Wikipedia

Constitutional and Mainland Affairs Bureau

Constitutional and Mainland Affairs Bureau
政制及內地事務局
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Emblem of the Hong Kong SAR
Agency overview
Formed 2007
Headquarters 12/F and 13/F, East Wing, Central Government Offices, 2 Tim Mei Avenue, Tamar, Hong Kong
Minister responsible
Deputy Minister responsible
  • Andy Chan, Under Secretary of Constitutional and Mainland Affairs
Agency executive
  • Roy Tang, Permanent Secretary of Constitutional and Mainland Affairs
Parent agency Chief Secretary for Administration
Website www.cmab.gov.hk
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Politics and government

of Hong Kong
Related topics Flag of Hong Kong.svg Hong Kong portal
Constitutional and Mainland Affairs Bureau
Traditional Chinese 政制及內地事務局

The Constitutional and Mainland Affairs Bureau is an agency of the Government of Hong Kong responsible for the implementation of the Basic Law. The bureau is the intermediary between the HKSAR Government and the Central People's Government and other Mainland authorities under the principles of "One Country, Two Systems".[1]

The bureau is headed by the Secretary for Constitutional and Mainland Affairs Mr Patrick Nip.

History [ edit ]

In October 2020, Apple Daily reported that the agency had ordered government departments to report any public sightings of the Republic of China flag, and to remove the flags when the public or media are not around.[2]

Agencies [ edit ]

The following are agencies which are related to this bureau.[3]

Registration and Electoral Office (REO) [ edit ]

[4]Registration and Electoral Office (REO) (Chinese: 選舉事務處) is a department under the jurisdiction of the Constitutional and Mainland Affairs Bureau of the Hong Kong Special Administrative Region of the People's Republic of China. [5]It is also the administrative support organization of the Electoral Affairs Commission (ECC), which assists the implementation of the statutory rights under the Electoral Affairs Commission Ordinance.[6]This includes assisting members of the public to register as electors, dividing constituencies, and formulating electoral regulations and guidelines for election activities. The Chief Executive of Hong Kong, the Legislative Council of Hong Kong, the District Council and the election of village representatives are all managed by the department.[7] However, the department is a logistics department and has no decision-making power on the electoral policy as the decision-making power is vested in the EAC.

Registration Deadlines [ edit ]

Eligible residents may submit an application for new voter registration and registered voters may report on change of registration particulars at any time of the year. However, electors who wish to have their registration processed or their information updated in the same cycle or to be listed in the final registers, they must submit their application forms to the Registration and Electoral Office on or before the statutory deadlines.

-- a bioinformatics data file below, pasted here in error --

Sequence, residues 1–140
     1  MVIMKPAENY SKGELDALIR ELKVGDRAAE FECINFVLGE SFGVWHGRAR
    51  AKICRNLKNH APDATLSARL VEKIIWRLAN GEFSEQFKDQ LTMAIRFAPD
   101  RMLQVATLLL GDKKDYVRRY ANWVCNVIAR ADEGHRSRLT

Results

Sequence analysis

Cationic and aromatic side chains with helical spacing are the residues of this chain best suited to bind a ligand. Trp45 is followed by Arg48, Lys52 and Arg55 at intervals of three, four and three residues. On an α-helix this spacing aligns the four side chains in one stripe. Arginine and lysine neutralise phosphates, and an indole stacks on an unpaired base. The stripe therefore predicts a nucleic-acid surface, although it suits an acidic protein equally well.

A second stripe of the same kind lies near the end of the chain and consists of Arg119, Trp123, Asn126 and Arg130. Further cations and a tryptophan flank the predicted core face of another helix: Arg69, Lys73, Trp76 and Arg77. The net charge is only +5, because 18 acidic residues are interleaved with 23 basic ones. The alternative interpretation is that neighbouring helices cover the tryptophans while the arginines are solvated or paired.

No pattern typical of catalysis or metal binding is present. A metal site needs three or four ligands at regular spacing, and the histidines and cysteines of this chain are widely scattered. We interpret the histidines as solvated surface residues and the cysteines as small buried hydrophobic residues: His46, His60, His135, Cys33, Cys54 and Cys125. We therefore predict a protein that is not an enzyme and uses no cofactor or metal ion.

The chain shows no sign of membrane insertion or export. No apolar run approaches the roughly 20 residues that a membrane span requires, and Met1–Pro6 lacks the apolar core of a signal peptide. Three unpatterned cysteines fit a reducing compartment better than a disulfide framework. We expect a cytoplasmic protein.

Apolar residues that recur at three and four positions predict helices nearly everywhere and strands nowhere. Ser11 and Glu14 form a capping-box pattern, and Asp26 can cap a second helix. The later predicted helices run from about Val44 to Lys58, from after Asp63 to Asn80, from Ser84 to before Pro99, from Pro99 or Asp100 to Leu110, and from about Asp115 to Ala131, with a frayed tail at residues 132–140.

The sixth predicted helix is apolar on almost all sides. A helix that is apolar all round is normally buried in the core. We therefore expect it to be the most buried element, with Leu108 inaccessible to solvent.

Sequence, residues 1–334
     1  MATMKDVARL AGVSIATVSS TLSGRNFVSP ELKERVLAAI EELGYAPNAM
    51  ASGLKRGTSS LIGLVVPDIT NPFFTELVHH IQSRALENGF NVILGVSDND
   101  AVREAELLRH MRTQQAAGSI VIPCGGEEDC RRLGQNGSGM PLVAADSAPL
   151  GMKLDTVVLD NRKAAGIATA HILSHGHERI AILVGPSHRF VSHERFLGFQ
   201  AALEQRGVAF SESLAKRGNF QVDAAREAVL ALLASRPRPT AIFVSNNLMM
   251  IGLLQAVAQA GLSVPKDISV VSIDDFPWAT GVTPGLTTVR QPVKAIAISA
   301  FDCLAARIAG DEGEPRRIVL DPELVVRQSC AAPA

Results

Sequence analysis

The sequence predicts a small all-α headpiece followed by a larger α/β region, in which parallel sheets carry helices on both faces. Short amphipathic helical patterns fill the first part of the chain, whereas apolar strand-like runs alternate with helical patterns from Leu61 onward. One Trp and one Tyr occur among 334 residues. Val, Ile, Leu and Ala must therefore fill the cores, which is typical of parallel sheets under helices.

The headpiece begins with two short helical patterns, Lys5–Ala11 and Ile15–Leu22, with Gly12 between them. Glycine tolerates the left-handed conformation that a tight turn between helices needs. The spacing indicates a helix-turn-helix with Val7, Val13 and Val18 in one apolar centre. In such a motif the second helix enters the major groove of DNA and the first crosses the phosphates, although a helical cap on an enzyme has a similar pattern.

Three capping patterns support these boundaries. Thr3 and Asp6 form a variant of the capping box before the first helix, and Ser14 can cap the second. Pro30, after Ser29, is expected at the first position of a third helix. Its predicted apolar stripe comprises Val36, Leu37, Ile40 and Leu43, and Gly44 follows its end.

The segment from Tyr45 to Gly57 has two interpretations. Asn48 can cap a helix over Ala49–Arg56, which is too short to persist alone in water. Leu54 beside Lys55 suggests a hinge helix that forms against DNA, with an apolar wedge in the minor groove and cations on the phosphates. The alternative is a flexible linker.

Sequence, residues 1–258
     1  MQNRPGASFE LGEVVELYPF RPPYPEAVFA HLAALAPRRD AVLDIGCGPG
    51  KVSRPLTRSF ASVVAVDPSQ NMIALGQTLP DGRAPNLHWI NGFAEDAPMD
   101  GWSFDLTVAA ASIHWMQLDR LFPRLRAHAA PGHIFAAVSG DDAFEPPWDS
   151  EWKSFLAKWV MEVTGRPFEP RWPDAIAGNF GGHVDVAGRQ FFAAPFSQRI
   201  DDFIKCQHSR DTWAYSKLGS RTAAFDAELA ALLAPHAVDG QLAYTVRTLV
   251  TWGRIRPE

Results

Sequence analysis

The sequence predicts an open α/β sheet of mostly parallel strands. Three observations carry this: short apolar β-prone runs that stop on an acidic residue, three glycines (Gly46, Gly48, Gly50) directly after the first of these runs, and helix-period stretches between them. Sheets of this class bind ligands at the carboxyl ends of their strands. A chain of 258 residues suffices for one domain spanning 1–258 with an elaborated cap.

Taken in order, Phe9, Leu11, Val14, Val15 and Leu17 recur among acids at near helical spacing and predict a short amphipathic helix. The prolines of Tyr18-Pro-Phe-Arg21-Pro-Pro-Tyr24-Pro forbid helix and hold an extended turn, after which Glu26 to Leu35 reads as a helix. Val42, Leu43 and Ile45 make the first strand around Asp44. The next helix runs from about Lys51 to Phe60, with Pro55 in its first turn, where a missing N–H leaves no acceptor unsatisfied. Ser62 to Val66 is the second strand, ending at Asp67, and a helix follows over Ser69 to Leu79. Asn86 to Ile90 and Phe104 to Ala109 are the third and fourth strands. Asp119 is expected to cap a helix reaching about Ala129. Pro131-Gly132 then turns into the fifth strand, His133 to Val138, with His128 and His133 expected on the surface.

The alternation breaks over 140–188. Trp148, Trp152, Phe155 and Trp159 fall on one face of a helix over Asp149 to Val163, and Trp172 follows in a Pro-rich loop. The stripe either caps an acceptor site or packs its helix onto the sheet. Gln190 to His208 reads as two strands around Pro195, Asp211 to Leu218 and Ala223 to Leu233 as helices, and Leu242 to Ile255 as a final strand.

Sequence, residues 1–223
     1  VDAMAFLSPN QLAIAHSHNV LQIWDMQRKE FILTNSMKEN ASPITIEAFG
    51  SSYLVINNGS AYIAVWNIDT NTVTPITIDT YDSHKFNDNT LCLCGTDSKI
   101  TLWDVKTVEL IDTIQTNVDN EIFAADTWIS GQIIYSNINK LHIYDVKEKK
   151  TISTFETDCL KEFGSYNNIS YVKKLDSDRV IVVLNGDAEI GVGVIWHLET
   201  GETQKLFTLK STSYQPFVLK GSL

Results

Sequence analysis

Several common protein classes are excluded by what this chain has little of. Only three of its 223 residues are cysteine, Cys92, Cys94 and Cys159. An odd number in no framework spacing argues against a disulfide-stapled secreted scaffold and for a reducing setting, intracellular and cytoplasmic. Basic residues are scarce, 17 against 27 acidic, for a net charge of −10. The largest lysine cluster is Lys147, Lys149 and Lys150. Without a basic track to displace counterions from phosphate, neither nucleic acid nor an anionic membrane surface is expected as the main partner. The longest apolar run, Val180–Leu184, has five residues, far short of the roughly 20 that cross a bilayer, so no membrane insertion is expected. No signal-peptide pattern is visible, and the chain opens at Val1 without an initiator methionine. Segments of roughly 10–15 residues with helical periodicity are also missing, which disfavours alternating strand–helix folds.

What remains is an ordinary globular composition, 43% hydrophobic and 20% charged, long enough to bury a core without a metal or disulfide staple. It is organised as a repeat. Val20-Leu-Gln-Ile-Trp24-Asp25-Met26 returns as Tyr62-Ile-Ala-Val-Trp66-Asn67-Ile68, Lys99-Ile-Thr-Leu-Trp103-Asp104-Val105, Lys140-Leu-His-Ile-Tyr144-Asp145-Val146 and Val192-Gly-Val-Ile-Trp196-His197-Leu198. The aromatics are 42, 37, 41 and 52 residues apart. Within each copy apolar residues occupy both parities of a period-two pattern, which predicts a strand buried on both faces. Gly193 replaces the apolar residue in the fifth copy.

Type of Application Statutory Deadlines
New Voter Registration District Council Election year (e.g. 2023): 2 July
Non District Council Election year (e.g. 2020, 2021 & 2022): 2 May
Report on Change of Particulars by an Elector District Council Election year (e.g. 2023): 2 June
Non District Council Election year (e.g. 2020, 2021 & 2022): 2 April

Registration Statistics [ edit ]

Hong Kong has seen a major surge in voter registrations, particularly among young people. Nearly 386,000 people have registered to vote in the past year, a record high since the handover of Hong Kong.[8] The Registration & Elector Office updates and publishes the Final Registers every year.[9]

Year No. of Electors in the Final Registers Changes (YoY%)
2020 4,466,944 [10] 8.08%
2019 4,132,977[11] 8.35%
2018 3,814,318 0.24%
2017 3,805,069 0.69%
2016 3,779,085 2.30%
2015 3,693,942 5.31%
2014 3,507,786 1.05%
2013 3,471,423 0.15%
2012 3,466,201 -2.65%
2011 3,560,535 3.76%
2010 3,431,592 1.73%
2009 3,373,342 0.04%
2008 3,372,007 2.31%
2007 3,295,826 3.45%
2006 3,185,927 -0.92%
2005 3,215,522 0.26%
2004 3,207,227 7.86%
2003 2,973,612 2.20%
2002 2,909,594 -3.25%
2001 3,007,244

See also [ edit ]

References [ edit ]

  1. ^ the Government of the HKSAR, 2019 Budget Heading 163- Registration and Electoral Office Retrieved 17 November 2019
  2. ^ "Hong Kong on high alert to uphold 'one China' stance on Taiwan national day". Apple Daily 蘋果日報 (in Chinese). Retrieved 24 October 2020.
  3. ^ "Registration and Electoral Office About Us". www.reo.gov.hk. Retrieved 16 November 2019.
  4. ^ the Government of the HKSAR, 2019 Budget Heading 163- Registration and Electoral Office Retrieved 17 November 2019
  5. ^ "Constitutional and Mainland Affairs Bureau Chairman Message". www.cmab.gov.hk. Retrieved 17 November 2019.
  6. ^ "Registration and Electoral Office About Us". www.reo.gov.hk. Retrieved 16 November 2019.
  7. ^ "Electoral Affairs Commission Chairman's Message". www.eac.hk. Retrieved 16 November 2019.
  8. ^ "Hong Kong voter registration skyrockets, driven by extradition bill anger". South China Morning Post. 2 August 2019. Retrieved 18 November 2019.
  9. ^ "Voter Registration Statistics". www.voterregistration.gov.hk. Retrieved 19 November 2019.
  10. ^ "Voter Registration Statistics". www.voterregistration.gov.hk. Retrieved 21 June 2020.
  11. ^ "Hong Kong records over 4.13 mln registered electors - Xinhua | English.news.cn". www.xinhuanet.com. Retrieved 17 January 2020.

External links [ edit ]

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